The justices also denied today, without any noted dissents, two other death-penalty cases. James Tyler, the petitioner in Tyler v. Louisiana, was convicted of first-degree murder and sentenced to death in 1996. The public defenders who represented Tyler conceded before the jury that he was guilty, even though Tyler had told both the trial judge and his attorneys that he did not want to do so and had requested a new lawyer. In his petition for review, which was relisted twice before being denied, Tyler had asked the justices to weigh in on whether his attorneys’ conduct deprived him of his Sixth Amendment right to an effective attorney and what standard should be used to make that determination. The justices relisted Stokes v. South Carolina five times before finally denying review today. The petitioner in the case, Sammie Louis Stokes, was sentenced to death in 1999 for his role in two murders. Two attorneys had been appointed to represent him, but – unbeknownst to the trial court – one of those attorneys had prosecuted Stokes eight years earlier for an assault on his ex-wife. Stokes himself knew little about the prior case, including that the attorney had argued in that case that the ex-wife had told the truth. Stokes had asked the court to review whether the representation violated his constitutional right to have an attorney who does not have a conflict of interest, but it declined to do so.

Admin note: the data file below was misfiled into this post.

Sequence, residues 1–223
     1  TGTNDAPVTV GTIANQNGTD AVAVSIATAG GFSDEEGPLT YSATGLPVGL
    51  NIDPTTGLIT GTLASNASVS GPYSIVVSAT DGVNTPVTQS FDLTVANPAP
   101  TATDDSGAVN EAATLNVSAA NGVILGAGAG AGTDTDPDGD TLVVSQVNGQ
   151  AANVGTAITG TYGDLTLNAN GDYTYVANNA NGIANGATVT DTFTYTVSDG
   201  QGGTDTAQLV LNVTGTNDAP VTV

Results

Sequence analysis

Today’s orders are the last regularly scheduled ones of 2016. The justices’ next conference is January 6, 2017; they will return to the bench on January 9.